I aim to advocate veganism through my illustration in a subtle and positive way. I feel that the graphic Art images about the realities of animal agriculture and other animal abuse industries are out there for people to see, and I don’t need to recreate them.
My hope is that people who might not be ready to bring themselves to look at those images, might look at my illustrations and the descriptions that go with them, and be moved to find out more.
I enjoy working with textures and delicate lines, and I also like playing with the symbolism of colour. For example, exploring what can be conveyed by mixing subtle, pale colours with really deep, rich ones — a splash of deep red could suggest violence, for instance.
I have come to realise that I like my work best when it’s gestural and has plenty of movement in it, so I try to avoid over-working pieces with the aim of keeping the playfulness and energy.
I am really inspired by the writing of Carol Adams, Brian Luke, Sunaura Taylor, Aph and Syl Ko and others who explore the ways that animal rights advocacy is inseparable from other social justice issues such as feminism, disability rights and anti-racism. This informs my animal rights work, both artistically and in my other activism.
I’m also deeply inspired by nature and by stories. And, of course, the amazing Sue Coe has been a massive inspiration. I really respect the serenity and beauty of cows. I sometimes feel they are the most exploited animal — after all I don’t know if there’s anything we don’t take from them: their flesh, their skin, their children and their milk.
Knowing this, and knowing what I do about the inevitable looming fate of any cow I meet, I can’t help but look into their lovely big eyes and wonder what they’re thinking of, and often, silently apologise for what my species does to theirs.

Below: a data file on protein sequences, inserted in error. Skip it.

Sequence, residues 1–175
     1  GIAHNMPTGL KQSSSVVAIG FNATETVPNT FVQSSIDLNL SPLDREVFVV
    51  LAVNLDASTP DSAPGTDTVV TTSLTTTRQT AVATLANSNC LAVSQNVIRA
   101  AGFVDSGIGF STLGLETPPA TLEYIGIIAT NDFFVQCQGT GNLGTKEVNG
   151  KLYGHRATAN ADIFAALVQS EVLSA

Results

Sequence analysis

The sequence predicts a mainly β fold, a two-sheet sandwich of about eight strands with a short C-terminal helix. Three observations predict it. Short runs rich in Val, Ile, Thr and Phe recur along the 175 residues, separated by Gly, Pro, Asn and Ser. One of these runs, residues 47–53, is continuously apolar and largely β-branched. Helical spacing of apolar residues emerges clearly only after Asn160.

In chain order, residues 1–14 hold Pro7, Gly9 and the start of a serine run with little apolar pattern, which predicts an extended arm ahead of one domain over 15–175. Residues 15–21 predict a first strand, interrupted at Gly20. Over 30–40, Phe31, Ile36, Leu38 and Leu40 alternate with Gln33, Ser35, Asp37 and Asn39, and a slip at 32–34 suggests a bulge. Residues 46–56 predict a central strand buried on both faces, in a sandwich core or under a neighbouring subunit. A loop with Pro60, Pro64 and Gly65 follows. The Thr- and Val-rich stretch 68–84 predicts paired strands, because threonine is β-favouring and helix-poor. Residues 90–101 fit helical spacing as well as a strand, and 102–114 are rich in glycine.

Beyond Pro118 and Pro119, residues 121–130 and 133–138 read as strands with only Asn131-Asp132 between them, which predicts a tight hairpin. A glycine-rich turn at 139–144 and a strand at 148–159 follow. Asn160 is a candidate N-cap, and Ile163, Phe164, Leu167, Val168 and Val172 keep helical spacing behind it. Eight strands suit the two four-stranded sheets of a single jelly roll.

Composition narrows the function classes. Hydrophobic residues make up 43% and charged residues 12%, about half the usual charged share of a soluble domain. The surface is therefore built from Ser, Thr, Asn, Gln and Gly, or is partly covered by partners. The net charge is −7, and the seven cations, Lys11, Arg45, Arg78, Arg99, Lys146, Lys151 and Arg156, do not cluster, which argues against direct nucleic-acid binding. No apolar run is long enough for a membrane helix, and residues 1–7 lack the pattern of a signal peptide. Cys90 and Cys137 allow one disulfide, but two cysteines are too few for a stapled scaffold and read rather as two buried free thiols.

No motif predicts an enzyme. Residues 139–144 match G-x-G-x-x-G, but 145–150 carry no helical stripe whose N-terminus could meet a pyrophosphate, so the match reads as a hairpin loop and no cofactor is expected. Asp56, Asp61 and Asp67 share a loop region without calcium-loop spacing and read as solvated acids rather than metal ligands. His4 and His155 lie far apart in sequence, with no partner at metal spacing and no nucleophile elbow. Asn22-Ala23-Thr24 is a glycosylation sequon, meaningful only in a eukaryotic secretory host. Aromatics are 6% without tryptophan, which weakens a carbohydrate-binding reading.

I might be biased, but I do think that art holds great potential for getting to people’s hearts on the issue of non-human rights. Facts and statistics work for some people to move towards veganism; art for others. For this reason I admire the work of the international art collective Art of Compassion, and I am very pleased to be a member.
As for my hopes as a vegan, of course I hope that the recent surge in new vegans continues to grow, and that soon this will be reflected in major advances for non-human rights. But I also hope that veganism stays true to its roots of compassion, by ensuring that vegan spaces are accessible and inclusive of everyone. A narrow focus on one issue can inadvertently harm other groups’ road to justice.
It is my opinion that taking an approach to animal advocacy, which is actively inclusive of women and non-binary people, people of colour and disabled people, will not only benefit those groups, but animals too. I recommend the books I mentioned above as well as checking out Food Empowerment Project’s work and the thought-provoking content on Vegan Feminist Network.
All images by Vita Sleigh